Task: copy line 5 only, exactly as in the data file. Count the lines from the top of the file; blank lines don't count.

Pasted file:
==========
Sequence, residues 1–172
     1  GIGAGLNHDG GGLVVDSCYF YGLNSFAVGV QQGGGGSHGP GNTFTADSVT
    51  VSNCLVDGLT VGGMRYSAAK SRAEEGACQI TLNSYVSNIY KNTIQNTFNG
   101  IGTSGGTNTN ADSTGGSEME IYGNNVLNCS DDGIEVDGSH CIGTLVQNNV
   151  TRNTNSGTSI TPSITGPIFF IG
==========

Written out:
   151  TRNTNSGTSI TPSITGPIFF IG